12B.1 Predictability of Indian Summer Monsoon by CFSv2: Implication of the Initial Shock Effect

Thursday, 26 January 2017: 8:30 AM
609 (Washington State Convention Center )
Ravi Shukla, George Mason University, Fairfax, VA; and B. Huang, L. Marx, and J. L. Kinter III

This study evaluates the seasonal predictability of the Indian summer monsoon (ISM) rainfall using the Climate Forecast System, version 2 (CFSv2), the current operational forecast model for subseasonal-to-seasonal predictions at the National Centers for Environmental Prediction (NCEP). From a 50-year CFSv2 simulation, 21 wet, dry and normal ISM cases are chosen for a set of seasonal “predictions” with initial states from January to May. For each prediction, a five-member ensemble is generated with perturbed atmospheric initial states and all predictions are integrated to the end of September. Based on the measures of correlation and root mean square error, the prediction skill decreases with lead month, with the initial states with the shortest lead (May) generally having the highest skill for predicting the summer mean (June to September; JJAS) rainfall, zonal wind at 850hPa and sea surface temperature over the ISM region.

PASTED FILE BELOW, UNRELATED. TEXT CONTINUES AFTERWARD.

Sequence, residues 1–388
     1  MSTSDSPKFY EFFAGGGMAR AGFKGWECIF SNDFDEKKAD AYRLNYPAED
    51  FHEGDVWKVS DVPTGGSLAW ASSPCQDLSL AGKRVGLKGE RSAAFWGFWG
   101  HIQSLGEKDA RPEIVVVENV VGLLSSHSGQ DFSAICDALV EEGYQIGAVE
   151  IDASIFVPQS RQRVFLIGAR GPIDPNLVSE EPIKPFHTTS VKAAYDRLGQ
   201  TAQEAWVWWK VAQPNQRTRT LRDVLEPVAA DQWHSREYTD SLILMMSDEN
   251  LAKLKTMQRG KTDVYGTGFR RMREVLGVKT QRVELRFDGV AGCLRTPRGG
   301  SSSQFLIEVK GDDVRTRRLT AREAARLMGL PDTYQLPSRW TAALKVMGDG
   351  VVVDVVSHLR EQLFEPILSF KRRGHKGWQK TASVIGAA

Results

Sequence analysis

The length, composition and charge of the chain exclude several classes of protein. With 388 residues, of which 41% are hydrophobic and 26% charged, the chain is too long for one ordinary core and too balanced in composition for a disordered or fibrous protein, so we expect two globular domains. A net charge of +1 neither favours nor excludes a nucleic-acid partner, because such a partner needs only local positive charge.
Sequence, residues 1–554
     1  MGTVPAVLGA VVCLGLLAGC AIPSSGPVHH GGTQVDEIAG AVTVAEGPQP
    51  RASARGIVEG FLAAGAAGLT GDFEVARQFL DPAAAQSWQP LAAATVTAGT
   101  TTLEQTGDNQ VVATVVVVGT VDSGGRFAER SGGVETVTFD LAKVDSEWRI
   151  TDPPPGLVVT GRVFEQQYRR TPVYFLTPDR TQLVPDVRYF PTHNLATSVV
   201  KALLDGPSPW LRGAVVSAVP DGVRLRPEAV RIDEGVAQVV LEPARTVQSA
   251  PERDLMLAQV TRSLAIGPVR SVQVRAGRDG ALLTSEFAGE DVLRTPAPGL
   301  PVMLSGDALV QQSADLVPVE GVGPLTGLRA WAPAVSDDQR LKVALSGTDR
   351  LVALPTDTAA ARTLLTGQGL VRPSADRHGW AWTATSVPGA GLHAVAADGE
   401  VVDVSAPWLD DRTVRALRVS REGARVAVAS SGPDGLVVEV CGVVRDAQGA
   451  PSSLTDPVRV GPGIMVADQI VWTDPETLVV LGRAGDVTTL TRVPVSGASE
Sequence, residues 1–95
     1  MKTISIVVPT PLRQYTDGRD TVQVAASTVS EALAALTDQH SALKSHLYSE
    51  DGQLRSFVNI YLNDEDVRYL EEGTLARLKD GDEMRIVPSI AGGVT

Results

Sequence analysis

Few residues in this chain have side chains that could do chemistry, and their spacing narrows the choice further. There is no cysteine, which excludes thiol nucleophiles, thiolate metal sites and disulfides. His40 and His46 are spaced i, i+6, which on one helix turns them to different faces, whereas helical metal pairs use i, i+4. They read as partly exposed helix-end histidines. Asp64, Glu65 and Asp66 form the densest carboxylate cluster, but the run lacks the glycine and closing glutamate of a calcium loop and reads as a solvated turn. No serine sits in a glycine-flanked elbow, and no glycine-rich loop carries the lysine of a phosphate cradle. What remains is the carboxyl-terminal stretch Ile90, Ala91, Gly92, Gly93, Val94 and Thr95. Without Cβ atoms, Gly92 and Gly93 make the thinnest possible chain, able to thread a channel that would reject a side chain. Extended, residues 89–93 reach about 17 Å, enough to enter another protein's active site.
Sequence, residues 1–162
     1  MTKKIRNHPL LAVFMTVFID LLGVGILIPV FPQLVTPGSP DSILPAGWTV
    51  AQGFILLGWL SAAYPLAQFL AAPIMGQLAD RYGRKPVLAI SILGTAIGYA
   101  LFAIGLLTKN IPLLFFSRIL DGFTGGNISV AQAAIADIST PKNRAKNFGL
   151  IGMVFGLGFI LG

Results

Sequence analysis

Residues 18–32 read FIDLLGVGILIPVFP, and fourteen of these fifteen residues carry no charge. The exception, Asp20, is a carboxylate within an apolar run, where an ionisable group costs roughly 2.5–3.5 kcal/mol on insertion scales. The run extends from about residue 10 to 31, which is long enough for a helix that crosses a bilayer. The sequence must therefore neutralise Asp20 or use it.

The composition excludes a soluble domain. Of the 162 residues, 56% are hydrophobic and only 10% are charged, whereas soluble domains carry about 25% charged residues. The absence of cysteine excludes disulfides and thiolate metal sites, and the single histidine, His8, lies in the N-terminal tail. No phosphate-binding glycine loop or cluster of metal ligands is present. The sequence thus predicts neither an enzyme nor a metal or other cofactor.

These predictability experiments are used to understand the finding reported by some recent studies that the CFSv2 seasonal hindcasts generally show higher skill in predicting the ISM rainfall anomalies from February initial states than from May ones. Comparing the May climatologies generated by the February and May initialized CFSv2 hindcasts, it is found that the latter has a larger bias over the Arabian Sea, with stronger monsoon winds, precipitation and surface latent heat loss. Although the atmospheric bias lessens quickly after May, an accompanying cold bias persists in the Arabian Sea for several months. In contrast, the initial shock is negligible in the predictability experiments, by design. Therefore, the model bias and initial shock in the May hindcasts may be a major factor in affecting ISM prediction skill.

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